This arty cocktail bar and restaurant is dominated by its one-of-a-kind bar counter and accompanying lights, the work of artists Jeppe Hein and Olafur Eliasson respectively. Karriere Bar was one of the first establishments to take a chance on former meat-packing district Kodbyen, a district that has since established itself as one of Copenhagen's most dynamic quarters. The idea behind Karriere is that it should be a place where art meets social space, giving art meaning by placing it in a functional, social environment. Owned by artist Jeppe Hein and his sister Laerke, who is responsible for the day-to-day running of the bar, Karriere is not just about the aesthetics; menus for both evening meals and cocktails are substantial and select, and largely homemade and organic. Karriere's events calendar offers experimental music/art on Thursdays and DJ nights at the weekend (after midnight a 23+ age limit is imposed).

Local Expert tip: Happy hour at Karriere is between 10pm and midnight on Fri-Sat.

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Photo courtesy of Ruby

In Copenhagen, nothing's strange about the city's hippest and most forward-looking cocktail bar being housed in a listed townhouse from the 1700s. Ruby is exquisitely furnished with oriental rugs, chandeliers and chesterfield sofas, with added fresh flowers all making its guests feel like they've been invited for drinks at a private apartment - a very classy apartment, that is, and the drinks are even finer. The carefully constructed cocktail list is refreshed four times a year according to season and is both classic and innovative. Like a gourmet restaurant, the emphasis is on the best ingredients combined with great service: drinks are mixed with care and served with consideration.

Local Expert tip: Need a vitamin boost after a night on the town? Ruby offers an orange-colored "Bloody Sunday" made from carrot juice, cilantro and ginger.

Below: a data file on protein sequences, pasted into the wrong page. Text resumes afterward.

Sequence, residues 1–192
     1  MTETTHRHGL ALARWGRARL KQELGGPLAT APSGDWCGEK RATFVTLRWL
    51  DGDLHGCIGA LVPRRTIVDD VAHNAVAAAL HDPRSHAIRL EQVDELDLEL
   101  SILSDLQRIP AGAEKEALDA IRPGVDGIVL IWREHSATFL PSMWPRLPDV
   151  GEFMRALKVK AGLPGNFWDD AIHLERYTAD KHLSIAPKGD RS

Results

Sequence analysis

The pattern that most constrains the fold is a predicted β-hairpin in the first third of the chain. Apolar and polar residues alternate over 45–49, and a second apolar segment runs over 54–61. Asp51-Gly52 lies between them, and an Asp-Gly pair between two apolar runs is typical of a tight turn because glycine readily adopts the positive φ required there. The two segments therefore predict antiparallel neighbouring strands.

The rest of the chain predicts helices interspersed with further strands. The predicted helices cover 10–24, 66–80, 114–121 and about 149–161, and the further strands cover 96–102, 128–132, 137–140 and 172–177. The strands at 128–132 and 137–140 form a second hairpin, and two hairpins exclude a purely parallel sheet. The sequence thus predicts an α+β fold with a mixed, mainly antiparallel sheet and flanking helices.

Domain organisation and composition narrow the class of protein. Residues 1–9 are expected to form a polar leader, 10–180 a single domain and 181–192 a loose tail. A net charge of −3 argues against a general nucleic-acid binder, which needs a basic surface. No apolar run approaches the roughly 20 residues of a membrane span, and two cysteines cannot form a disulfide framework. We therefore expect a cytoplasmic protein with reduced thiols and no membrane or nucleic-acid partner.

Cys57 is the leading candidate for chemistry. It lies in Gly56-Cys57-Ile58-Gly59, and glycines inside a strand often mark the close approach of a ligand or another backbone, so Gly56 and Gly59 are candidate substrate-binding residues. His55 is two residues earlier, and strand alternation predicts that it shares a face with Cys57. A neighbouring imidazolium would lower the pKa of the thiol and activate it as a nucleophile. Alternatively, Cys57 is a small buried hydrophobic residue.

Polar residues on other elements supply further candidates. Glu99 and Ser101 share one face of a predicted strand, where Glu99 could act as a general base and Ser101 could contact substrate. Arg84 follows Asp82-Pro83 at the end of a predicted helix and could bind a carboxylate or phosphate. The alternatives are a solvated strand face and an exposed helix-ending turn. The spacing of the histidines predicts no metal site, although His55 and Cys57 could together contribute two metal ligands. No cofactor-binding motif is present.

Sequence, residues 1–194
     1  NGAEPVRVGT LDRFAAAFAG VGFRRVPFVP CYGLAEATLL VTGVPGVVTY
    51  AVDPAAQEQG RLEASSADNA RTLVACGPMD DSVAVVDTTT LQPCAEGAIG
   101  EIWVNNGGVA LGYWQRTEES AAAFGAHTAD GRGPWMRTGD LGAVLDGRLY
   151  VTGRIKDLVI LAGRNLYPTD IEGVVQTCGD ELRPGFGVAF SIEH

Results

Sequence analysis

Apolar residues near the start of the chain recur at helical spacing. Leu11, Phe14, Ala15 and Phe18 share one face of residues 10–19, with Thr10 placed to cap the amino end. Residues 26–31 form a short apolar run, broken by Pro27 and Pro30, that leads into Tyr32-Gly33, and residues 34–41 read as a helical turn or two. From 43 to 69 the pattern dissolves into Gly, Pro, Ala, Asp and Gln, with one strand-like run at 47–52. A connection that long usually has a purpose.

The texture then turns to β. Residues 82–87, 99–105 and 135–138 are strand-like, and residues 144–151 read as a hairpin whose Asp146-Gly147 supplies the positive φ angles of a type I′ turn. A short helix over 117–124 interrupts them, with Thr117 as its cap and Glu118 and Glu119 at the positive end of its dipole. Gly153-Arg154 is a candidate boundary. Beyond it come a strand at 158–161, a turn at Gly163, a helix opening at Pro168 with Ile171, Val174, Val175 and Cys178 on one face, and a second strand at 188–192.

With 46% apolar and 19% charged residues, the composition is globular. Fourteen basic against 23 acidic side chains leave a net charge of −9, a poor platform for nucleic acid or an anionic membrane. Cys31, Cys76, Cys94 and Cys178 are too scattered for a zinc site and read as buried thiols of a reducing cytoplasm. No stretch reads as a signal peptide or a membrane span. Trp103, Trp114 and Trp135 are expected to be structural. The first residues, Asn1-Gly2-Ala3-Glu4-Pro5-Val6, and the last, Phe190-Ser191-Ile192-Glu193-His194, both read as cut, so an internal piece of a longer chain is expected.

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Jazzhus Montmartre
Photo courtesy of Cafe Montmartre

When it reopened in 2010, Jazzhus Montmartre was about paying homage to a vital part of Copenhagen's musical history. The new non-profit Jazzhus Montmartre is open thanks to the endeavours of Rune Bech, a passionate jazz lover who well remembers the hey day of Copenhagen's jazz scene, when from 1959-1976, Montmartre was the second home to jazz legends like Stan Getz and Dexter Gordon who moved to Copenhagen because of the club. Montmartre even warranted a cool, beatnik pic in a 1964 edition of Playboy. The golden age ended in 1976 when the club moved to Norregade, closing completely in 1988 after the sudden death of owner Kay Sorensen (Jazz-Kay). Concerts at the new club generally start at 8pm and all types of jazz are showcased. The classy restaurant affords the chance for a pre-concert dinner from 5.30pm. For big name concerts, booking ahead is advised.

Local Expert tip: Montmartre offers students a half price discount with valid ID.

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The name comes from the Danish word for dark or murky, and this gay-friendly, open-to-all nightclub exudes a shady, dark aura of living slightly dangerously more familiar to cities like Berlin and London than to Copenhagen. Don't be afraid, however: Hidden away a little north of Radhuspladsen on Vester Voldgade (just across from Hotel Fox), the small club Dunkel exudes a friendly atmosphere and the club crowd, both gay and straight, come for a good time and to hear some of the biggest names on the international club scene. Dunkel's dance floor is not particularly large, which is why clubbers often end up on the sidewalk outside. Music is prioritized over image, which is why Dunkel has been nominated as one of Copenhagen's best clubs by readers of a local Danish guide to Copenhagen.

Local Expert tip: If the night is going well, it won't stop just because the clocks turn 5am. Dunkel's parties can last well into the morning.

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Copenhagen Jazzhouse
Photo courtesy of Copenhagen Jazzhouse